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Old 02-27-2008, 04:37 PM
 
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I feel that terms like uptown and midtown imply the area is set up on a city grid with blocks (Like Manhattan's upper east side, lower west side, or midtown Manhattan). Only downtown Raleigh is really set up that way. I could see referring to different parts of downtown Raleigh as "up" "middle" and "lower" relative to where you are on the city grid. But I could never think of North Hills as being considered "Midtown" in relation to downtown Raleigh.

I don't really care for the attempts to label areas of Raleigh with terms like uptown and midtown. It seems a bit misleading to me and I get the impression these terms are just used as buzz words for developers trying to promote the locations of their new properties and give their locations some panache.
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Old 02-27-2008, 05:10 PM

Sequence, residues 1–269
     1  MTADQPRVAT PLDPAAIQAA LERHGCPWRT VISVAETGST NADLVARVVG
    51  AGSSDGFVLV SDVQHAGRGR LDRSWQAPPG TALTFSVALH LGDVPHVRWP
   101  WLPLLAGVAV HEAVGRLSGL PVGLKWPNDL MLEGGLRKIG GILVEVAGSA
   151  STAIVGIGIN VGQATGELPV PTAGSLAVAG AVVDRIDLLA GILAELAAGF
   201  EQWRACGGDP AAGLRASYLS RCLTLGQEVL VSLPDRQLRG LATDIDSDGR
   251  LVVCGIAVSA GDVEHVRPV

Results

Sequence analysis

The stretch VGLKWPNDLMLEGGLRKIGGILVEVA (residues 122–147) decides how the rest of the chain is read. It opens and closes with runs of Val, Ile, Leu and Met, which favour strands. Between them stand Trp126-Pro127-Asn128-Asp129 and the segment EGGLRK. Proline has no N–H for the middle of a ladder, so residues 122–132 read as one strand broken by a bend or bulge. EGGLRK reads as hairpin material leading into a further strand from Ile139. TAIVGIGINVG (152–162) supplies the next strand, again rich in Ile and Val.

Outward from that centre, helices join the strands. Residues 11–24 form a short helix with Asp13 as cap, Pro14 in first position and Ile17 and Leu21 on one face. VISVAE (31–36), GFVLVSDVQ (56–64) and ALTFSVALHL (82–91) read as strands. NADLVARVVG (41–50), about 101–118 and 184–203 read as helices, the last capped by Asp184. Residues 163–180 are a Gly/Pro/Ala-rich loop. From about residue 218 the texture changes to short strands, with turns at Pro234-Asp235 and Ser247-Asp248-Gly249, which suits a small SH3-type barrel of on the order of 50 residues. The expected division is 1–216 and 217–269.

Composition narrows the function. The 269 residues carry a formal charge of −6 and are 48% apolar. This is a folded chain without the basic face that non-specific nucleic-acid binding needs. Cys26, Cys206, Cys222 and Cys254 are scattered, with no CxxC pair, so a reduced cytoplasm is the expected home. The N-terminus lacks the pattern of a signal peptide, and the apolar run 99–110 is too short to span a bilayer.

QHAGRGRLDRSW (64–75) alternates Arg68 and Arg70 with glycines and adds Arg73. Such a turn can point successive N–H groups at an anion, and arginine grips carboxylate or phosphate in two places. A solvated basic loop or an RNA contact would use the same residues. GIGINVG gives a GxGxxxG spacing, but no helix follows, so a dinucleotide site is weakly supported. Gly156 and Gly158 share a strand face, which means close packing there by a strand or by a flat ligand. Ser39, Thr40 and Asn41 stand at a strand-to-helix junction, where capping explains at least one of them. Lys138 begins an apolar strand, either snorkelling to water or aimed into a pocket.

Location: Wake Forest, NC
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Quote:
Originally Posted by North_Raleigh_Guy View Post
I feel that terms like uptown and midtown imply the area is set up on a city grid with blocks (Like Manhattan's upper east side, lower west side, or midtown Manhattan). Only downtown Raleigh is really set up that way. I could see referring to different parts of downtown Raleigh as "up" "middle" and "lower" relative to where you are on the city grid. But I could never think of North Hills as being considered "Midtown" in relation to downtown Raleigh.

I don't really care for the attempts to label areas of Raleigh with terms like uptown and midtown. It seems a bit misleading to me and I get the impression these terms are just used as buzz words for developers trying to promote the locations of their new properties and give their locations some panache.
ITA.. I know I'm the oddball, but I don't like midtown.. give me an old fashioned mall anyday, LOL.
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Old 02-27-2008, 07:58 PM
 
Location: Cary, NC
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What is the problem in calling the areas North Hills and Crabtree. Gives it some history. Like Creedmoor road takes you to creedmoor, nc...etc.
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Old 11-26-2008, 03:14 AM
 
Location: Cary, NC
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Sorry to bring up such an old thread, but I noticed recently that my neighbors are receiving News and Observers with the "Midtown Raleigh News" sections in them. We always used to receive the "North Raleigh News" in our NandO. We're still in North Raleigh so I don't understand the change hahah.